The band keep the ball rolling with the rapacious thrills and spills of “Dysthnasia”, whose cutting, scalpel-sharp riffs and chillingly effective use of melody (as well as some pleasingly nimble, technical bass work) allow the group to show off their instrumental prowess without neglecting hooks or heaviness in the process.
Speaking of technicality and instrumental prowess, “Ekpyrosis” finds Enthean slipping (whether consciously or not) into a slightly over-familiar “blackened” Tech Death sound reminiscent of Soreption and/or early Fleshgod Apocalypse, though the group’s instinctive grasp of what makes for a darkly infectious melody helps save the song in the end, while “Behold the Primordial” is once again strongly reminiscent of early Abysmal Dawn, albeit layered with some added (but this time, much more effective) atmospheric synth work.
Interestingly enough, the band sound most comfortable, and at their least generic, when they hew closest to outright Prometheus worship, as they do once more on late-album highlight “Bring Forth The Raven”. Despite the nagging sensation that there’s not too many places left to go with this particular sound, it’s just that little bit more vital and more focussed than the songs which immediately preceded it, and really benefits from a truly fantastic and mesmerising multi-part solo section which dominates the majority of the track’s second half.
The album closes with the continued Emperor veneration of “Invalesc de Profundis”, which bears many of the same hallmarks as opener “1054”, but is just an all-round better track, with stronger riffs, sharper hooks, and an overall improved sense of energy and identity. It definitely ends the album on a high note, albeit one which is tinged with the faint regret that not all its songs managed to hit those same heights.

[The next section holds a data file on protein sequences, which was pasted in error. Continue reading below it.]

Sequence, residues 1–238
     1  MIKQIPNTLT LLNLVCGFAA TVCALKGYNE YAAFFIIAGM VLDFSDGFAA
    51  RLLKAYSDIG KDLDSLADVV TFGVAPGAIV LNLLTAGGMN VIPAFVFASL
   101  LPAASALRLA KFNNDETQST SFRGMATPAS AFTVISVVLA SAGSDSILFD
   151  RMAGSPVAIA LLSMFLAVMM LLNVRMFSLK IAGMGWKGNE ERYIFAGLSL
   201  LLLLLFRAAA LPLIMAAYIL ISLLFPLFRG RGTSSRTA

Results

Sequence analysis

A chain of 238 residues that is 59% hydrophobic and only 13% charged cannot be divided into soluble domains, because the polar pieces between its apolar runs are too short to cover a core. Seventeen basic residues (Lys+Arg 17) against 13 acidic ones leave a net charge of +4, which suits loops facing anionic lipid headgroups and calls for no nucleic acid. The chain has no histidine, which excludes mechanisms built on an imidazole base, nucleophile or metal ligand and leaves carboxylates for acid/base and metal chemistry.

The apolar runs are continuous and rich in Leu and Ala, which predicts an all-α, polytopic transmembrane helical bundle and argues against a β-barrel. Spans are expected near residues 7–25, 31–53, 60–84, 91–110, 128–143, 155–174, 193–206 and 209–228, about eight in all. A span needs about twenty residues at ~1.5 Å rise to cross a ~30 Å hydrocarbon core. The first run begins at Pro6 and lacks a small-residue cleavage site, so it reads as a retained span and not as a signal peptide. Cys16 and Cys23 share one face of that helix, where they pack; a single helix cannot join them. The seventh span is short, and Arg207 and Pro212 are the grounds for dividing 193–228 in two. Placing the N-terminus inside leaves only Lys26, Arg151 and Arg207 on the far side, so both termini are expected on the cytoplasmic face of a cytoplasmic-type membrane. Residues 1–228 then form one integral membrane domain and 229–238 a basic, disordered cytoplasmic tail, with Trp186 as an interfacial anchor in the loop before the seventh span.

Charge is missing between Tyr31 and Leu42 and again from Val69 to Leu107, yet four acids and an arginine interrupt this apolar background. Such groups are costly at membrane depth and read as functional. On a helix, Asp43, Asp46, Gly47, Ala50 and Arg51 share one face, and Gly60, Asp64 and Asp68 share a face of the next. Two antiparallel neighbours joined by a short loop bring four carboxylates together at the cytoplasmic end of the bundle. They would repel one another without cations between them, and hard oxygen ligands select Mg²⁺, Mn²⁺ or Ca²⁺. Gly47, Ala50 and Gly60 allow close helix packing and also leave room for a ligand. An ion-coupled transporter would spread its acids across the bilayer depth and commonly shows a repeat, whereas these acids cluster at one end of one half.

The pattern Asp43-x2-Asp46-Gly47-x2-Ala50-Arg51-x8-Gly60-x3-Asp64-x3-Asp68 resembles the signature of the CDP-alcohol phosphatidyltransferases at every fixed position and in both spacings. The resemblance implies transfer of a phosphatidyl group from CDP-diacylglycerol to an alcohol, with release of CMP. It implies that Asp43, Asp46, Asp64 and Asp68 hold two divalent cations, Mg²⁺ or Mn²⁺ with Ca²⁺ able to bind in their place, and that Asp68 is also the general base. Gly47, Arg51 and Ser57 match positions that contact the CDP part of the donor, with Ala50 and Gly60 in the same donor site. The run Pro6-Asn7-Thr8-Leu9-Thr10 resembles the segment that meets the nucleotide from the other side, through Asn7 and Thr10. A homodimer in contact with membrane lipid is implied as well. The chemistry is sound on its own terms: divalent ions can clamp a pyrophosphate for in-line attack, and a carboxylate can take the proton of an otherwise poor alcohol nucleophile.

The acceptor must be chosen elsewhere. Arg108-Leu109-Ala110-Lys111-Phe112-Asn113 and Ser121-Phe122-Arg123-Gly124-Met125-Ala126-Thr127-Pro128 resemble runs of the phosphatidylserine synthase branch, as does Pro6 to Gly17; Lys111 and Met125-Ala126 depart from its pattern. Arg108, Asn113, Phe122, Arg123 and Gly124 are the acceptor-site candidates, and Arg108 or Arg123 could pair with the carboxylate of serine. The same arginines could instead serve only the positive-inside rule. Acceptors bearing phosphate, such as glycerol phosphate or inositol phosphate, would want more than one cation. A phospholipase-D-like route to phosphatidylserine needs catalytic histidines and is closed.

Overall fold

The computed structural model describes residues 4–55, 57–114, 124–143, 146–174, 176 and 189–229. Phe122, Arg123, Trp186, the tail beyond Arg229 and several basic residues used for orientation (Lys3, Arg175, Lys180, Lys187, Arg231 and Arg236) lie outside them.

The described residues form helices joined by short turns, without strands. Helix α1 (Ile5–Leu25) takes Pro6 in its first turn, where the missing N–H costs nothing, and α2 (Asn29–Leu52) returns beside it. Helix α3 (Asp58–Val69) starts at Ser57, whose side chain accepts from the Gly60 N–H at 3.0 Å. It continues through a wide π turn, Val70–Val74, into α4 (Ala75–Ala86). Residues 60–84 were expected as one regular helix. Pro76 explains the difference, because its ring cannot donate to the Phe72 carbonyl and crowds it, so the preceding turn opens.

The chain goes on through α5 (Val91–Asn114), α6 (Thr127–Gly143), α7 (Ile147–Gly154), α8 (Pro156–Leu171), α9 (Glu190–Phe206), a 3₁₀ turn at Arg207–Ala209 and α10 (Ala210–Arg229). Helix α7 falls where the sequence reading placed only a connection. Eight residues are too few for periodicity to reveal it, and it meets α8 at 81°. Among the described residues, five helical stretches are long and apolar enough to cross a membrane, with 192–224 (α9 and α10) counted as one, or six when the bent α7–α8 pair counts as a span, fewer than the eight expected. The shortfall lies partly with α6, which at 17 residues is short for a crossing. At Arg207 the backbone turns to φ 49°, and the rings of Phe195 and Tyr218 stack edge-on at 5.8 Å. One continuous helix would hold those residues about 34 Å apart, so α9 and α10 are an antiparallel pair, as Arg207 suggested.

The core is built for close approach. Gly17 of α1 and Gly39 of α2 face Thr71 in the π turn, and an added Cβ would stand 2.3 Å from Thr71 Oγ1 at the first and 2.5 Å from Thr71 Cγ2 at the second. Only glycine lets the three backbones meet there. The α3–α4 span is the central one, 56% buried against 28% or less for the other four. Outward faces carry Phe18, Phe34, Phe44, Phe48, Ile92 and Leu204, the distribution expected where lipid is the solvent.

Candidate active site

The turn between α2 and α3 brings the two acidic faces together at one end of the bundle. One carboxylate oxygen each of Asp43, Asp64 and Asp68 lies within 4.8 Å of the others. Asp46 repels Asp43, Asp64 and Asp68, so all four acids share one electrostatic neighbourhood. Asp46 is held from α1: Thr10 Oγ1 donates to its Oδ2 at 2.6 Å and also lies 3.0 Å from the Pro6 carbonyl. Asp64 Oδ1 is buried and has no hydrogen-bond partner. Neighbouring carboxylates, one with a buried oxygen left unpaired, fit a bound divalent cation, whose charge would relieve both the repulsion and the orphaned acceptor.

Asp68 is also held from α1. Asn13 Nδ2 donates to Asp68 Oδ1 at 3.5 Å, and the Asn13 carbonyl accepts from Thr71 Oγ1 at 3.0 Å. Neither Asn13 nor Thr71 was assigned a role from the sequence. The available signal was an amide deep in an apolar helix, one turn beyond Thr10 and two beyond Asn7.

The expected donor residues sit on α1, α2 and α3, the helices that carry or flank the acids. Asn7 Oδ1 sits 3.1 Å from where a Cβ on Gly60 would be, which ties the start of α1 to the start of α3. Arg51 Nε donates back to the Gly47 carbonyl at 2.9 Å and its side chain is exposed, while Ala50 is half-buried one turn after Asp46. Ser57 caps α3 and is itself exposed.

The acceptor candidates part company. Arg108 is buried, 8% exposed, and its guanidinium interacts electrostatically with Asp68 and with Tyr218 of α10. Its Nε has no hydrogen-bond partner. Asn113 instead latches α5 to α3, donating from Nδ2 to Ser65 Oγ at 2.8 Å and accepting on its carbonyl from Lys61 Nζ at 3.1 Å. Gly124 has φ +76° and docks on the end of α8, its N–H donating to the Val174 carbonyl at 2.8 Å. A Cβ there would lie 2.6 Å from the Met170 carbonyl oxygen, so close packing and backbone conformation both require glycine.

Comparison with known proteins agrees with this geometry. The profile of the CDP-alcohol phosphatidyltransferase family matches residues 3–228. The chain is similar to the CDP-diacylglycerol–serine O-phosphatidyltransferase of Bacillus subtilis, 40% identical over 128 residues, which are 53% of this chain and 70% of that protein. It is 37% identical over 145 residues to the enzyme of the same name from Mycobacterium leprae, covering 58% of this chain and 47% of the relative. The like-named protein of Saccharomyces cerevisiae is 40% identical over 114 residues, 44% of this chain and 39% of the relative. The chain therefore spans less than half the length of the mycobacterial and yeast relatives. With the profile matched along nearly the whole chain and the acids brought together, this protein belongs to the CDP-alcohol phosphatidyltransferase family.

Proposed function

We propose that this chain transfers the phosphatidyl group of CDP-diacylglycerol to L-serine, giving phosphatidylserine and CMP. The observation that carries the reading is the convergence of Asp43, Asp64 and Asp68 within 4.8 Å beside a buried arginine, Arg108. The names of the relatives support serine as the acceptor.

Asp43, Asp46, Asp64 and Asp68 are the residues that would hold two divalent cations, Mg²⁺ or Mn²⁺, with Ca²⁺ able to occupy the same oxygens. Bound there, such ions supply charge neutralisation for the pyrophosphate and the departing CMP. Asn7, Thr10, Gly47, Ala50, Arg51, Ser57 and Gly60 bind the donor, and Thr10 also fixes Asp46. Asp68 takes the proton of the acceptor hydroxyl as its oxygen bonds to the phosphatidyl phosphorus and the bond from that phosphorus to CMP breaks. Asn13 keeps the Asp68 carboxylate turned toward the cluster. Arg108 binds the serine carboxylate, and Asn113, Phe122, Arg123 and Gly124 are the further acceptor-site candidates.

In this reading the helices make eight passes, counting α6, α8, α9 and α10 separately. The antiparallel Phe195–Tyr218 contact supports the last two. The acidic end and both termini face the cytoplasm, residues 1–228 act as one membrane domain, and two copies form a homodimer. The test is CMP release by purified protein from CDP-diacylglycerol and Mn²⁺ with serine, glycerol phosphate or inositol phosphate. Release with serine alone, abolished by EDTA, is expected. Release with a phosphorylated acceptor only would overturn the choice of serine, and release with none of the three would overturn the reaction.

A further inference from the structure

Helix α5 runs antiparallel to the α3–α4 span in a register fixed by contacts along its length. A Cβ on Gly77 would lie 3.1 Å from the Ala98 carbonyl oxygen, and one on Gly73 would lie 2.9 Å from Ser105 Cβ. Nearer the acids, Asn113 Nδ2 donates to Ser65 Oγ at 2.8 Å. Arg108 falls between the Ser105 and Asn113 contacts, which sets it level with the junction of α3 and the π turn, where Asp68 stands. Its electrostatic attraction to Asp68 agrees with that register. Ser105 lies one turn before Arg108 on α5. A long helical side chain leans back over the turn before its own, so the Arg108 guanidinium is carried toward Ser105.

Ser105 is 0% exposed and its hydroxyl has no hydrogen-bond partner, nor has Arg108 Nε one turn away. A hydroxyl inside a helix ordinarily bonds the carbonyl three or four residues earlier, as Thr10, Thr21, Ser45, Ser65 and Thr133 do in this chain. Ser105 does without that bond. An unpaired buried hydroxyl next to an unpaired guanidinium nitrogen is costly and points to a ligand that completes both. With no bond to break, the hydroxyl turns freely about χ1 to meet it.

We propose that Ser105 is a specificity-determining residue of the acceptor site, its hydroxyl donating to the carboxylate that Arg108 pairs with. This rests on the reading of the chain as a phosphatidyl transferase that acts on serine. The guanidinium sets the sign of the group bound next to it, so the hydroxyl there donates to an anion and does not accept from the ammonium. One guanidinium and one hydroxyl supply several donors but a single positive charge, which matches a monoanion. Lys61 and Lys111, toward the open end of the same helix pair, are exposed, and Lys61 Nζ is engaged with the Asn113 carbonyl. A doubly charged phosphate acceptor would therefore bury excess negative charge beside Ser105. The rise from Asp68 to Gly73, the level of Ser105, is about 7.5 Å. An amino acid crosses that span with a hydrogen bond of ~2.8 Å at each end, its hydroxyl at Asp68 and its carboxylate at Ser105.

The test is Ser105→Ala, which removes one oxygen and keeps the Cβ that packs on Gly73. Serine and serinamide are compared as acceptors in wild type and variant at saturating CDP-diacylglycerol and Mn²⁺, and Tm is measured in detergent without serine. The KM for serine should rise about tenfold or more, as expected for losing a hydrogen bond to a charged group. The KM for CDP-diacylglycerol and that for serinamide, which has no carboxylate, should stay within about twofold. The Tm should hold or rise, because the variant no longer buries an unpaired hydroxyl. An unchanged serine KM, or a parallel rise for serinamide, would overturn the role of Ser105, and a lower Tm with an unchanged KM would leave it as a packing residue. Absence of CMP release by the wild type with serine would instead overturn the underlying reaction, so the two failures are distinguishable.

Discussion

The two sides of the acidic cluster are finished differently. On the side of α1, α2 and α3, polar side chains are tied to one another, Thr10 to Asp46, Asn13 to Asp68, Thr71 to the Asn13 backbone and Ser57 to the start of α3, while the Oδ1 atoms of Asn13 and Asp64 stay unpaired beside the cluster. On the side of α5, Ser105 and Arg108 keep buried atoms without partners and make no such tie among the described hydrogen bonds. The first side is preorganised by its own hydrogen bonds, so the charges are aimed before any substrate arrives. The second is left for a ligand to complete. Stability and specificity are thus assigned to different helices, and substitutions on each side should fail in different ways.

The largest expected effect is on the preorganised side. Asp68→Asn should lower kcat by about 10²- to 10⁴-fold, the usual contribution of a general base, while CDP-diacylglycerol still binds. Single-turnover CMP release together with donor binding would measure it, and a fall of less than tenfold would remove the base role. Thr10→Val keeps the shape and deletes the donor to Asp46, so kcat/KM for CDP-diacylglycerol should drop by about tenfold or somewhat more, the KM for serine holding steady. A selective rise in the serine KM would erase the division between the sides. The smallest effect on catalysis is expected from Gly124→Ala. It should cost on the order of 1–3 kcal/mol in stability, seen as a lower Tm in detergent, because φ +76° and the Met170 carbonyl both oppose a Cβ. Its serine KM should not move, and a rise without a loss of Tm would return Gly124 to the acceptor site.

In some ways Priests of Annihilation is a victim of its own hype, though this is in no way the band’s own fault. Much of this can be laid at the feet of reviewers making wild and unsubstantiated claims about the band’s “unique” sound, many of whom seemed to be blinded by the band’s technical flash and their own romanticised notions about the “blackened” aesthetic, and who often seemed either woefully – or wilfully – ignorant of how common this sort of melodic, post-Emperor Black/Death hybrid actually is,
But the band themselves aren’t completely innocent of course. They’re definitely guilty of trying to be all things to all men, often falling into the age-old trap of trying to appear unique and different by adding in a few too many ingredients to their metallic stew, with the result that the final concoction doesn’t necessarily have a distinctive taste or flavour of its own.
But I don’t want to be too harsh on them. There’s a lot of latent promise on display here, and the band are definitely strongest when attempting to add their own particular spin to that post-Prometheus sound, rather than trying to jerry-rig an identity out of multiple styles.
In the end we can chalk this one up as a solid, occasionally superlative (“Before You, I Am”, “Bring Forth the Raven”, “Invalesc de Profundis”) debut from a band with a lot of nascent potential. Let’s just hope they can find their own true voice between now and their next album.
Priests of Annihilation will be released on May 20, and you can stream the full album at Metal Injection (here), where our comrade Austin Weber premiered it earlier this week. To pre-order the album, go here: